Many Victorian funeral customs started when Queen Victoria’s husband, Prince Albert, died of typhoid in 1861. She mourned him for the rest of her life, dressing in full mourning for the first three years after his death (her entire court did the same). Her style of mourning was copied the world over, especially in England, and it ushered in a period of elaborate, ritualized behavior after death — including mourning periods, styles of dress, and extravagant funeral and burial arrangements.
Here’s how your Victorian ancestors mourned their dead:
1. In both Europe and America in the 19th century, the deceased were always carried out of the house feet first so they wouldn’t look back into the house and beckon to someone else, who would have to go along with them.
2. When a family member died, you closed the curtains and covered the mirrors so that — yikes! — the deceased’s image didn’t get trapped in the looking glass.
3. If you saw yourself in the mirror of a house where someone had just died, some thought that you might also die.
4. People stopped the clocks in the house at the time of death so they wouldn’t have further bad luck.
5. A widow in Victorian England was expected to stay in mourning for more than two years. For the first year and one day, she wore only dull black clothing without jewelry and a black cape that was her “weeping veil.” The clothing became slightly more adorned and a little less crepe-covered as time went on; in a later stage of mourning, a woman could wear purple or gray.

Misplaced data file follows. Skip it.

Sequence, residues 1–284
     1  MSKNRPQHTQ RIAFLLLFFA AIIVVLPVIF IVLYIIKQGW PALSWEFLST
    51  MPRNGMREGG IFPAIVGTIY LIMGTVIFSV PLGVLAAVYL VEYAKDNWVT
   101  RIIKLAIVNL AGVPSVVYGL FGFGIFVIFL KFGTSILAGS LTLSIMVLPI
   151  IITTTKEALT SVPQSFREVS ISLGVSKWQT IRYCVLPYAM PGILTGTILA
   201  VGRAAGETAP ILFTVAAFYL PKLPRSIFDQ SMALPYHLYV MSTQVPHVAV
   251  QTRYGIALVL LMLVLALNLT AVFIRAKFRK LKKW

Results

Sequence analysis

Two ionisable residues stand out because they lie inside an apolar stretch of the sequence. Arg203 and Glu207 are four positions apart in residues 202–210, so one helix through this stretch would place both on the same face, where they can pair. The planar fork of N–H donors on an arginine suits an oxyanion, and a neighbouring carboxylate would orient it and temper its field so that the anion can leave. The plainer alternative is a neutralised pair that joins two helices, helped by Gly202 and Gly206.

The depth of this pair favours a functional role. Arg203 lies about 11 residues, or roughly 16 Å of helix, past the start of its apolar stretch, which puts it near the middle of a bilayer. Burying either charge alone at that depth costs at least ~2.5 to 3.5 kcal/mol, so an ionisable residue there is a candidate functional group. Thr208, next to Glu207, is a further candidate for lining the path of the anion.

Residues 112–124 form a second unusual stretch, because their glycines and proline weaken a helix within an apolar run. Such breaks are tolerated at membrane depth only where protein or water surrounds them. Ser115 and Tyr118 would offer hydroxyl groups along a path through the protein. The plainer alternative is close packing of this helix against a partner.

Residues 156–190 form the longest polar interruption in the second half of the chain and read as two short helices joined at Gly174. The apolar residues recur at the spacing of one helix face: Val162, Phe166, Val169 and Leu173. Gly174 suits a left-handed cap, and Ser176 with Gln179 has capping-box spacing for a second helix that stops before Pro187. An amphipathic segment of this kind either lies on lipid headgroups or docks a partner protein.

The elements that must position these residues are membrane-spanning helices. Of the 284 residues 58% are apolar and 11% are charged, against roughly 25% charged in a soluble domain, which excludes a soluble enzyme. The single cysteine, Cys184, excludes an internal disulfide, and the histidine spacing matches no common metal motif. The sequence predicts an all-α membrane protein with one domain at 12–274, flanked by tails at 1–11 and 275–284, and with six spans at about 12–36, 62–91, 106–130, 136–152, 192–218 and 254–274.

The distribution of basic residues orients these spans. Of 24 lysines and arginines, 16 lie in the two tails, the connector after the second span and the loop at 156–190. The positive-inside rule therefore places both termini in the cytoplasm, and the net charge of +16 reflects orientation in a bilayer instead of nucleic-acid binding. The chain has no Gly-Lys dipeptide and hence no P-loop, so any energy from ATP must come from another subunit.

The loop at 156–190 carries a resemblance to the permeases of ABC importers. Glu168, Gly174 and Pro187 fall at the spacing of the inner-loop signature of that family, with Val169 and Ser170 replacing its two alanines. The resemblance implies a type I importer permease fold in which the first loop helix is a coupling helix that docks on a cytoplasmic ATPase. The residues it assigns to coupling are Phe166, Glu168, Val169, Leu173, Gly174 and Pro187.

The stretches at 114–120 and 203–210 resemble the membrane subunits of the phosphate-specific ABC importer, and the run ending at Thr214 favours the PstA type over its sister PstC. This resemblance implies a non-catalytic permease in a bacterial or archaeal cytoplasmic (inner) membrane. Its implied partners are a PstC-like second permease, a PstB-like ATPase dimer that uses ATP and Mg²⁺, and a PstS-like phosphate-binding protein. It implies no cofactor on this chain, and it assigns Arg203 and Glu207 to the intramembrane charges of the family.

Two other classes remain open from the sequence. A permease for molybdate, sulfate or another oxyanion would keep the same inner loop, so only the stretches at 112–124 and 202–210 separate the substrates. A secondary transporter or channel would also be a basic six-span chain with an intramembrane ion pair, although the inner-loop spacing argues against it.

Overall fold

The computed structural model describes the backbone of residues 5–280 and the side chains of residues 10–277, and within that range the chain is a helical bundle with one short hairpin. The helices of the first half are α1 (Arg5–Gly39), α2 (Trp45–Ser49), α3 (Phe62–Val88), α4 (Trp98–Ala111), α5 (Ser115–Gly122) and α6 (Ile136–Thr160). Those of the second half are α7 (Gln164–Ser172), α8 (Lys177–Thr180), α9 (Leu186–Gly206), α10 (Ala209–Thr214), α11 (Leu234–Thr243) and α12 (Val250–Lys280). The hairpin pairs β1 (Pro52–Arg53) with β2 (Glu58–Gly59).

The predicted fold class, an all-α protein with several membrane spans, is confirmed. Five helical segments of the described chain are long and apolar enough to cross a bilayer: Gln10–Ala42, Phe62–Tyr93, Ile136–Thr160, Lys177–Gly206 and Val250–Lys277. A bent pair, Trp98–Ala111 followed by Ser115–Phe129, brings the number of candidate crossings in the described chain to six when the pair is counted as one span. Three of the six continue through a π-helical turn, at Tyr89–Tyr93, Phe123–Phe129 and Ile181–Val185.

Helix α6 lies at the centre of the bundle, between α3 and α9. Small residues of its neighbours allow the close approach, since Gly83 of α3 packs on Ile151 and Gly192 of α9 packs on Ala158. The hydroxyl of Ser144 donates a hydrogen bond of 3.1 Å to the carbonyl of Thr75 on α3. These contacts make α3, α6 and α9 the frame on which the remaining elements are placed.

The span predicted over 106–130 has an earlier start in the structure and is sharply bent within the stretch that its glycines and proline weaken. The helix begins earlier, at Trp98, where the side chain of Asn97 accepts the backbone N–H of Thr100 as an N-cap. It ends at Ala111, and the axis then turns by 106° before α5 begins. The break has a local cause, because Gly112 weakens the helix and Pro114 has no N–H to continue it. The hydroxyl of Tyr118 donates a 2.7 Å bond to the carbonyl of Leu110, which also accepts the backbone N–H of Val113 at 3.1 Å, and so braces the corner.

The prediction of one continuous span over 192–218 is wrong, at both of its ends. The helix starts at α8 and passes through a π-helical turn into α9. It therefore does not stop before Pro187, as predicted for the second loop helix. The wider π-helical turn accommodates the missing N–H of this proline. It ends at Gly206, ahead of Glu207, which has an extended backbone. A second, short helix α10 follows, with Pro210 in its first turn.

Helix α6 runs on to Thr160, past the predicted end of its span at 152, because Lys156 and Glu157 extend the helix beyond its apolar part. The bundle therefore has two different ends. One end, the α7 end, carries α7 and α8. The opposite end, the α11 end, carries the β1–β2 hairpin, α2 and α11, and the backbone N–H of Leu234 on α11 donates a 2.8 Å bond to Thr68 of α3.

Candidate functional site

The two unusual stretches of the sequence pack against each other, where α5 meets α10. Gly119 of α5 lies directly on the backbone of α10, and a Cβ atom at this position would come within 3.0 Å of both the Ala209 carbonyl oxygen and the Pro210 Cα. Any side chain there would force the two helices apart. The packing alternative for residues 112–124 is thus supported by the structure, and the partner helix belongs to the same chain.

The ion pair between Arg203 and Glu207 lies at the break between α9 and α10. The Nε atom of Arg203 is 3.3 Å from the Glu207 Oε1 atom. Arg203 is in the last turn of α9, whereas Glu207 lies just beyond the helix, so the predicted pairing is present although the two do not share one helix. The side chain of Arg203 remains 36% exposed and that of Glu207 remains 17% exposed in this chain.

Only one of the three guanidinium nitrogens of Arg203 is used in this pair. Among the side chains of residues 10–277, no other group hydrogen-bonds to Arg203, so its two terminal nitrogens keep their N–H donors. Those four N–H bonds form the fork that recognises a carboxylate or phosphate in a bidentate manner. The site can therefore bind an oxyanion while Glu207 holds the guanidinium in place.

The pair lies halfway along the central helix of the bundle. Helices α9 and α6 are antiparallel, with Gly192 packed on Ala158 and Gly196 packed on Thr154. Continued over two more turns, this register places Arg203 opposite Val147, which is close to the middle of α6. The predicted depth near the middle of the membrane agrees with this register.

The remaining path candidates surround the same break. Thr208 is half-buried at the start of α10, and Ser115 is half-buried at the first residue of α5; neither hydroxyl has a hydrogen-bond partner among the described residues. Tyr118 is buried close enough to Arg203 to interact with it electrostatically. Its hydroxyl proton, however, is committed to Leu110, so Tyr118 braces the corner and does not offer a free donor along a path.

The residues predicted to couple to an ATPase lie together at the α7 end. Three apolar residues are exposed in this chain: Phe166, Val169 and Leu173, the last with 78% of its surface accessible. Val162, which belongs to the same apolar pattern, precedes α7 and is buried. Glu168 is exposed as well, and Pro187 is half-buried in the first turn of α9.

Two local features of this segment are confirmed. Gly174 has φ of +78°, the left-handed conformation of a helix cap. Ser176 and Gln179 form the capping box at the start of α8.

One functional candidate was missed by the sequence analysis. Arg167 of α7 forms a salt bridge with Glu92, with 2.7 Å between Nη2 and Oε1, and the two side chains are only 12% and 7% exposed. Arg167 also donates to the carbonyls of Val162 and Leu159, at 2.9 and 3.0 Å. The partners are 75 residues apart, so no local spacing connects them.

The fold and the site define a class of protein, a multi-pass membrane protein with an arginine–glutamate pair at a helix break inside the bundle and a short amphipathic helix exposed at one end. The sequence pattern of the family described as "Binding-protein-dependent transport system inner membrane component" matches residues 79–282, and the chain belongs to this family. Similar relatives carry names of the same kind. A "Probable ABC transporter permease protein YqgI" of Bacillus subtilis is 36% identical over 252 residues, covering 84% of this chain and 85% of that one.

6. What style, material, and color a widow wore — and for how long — depended on whether she was mourning a spouse, parent, child, sibling, grandparent, aunt/uncle, etc., and how long it had been since they died.
7. Men could continue working after a loved one died, but women were expected to be isolated at home.
8. It was common to take a photograph of the deceased as a remembrance, especially babies and children, and often with the rest of the family in the photo, which was called a “memento mori.” Sometimes pupils were painted over the closed eyelids so that the eyes looked open.
9. Another type of memento mori was a lock of the deceased’s hair, which was arranged artfully and preserved in a locket.
10. Funerals became grand, expensive affairs, and many lower-class people saved up money so that if their children, in those times of high child mortality, did not survive, they could provide an appropriate funeral.
11. Victorian England is when funeral directors first came into the picture. They arranged huge processions in which black horses pulled a hearse with a glass viewing coffin (again with the yikes!). Mourners were hired to follow the hearse looking despondent, and there were ostrich feathers.
12. Many elaborate headstones and mausoleums that we still see in older cemeteries date from this period. Middle-class families often took outings to these graveyards on weekends.
13. There were even coffins set up with tubes and mirrors so that gravediggers could peer into the coffin and look for movement.
Times and traditions have evolved since Victorian times, but our culture still retains bits of traditions from earlier times. For instance, we still use the expression “saved by the bell.” In Victorian England, the deceased were sometimes buried with a rope in their hand, which was attached to a bell outside of the grave. If the person in the coffin found him or herself alive, he or she could ring the bell for help!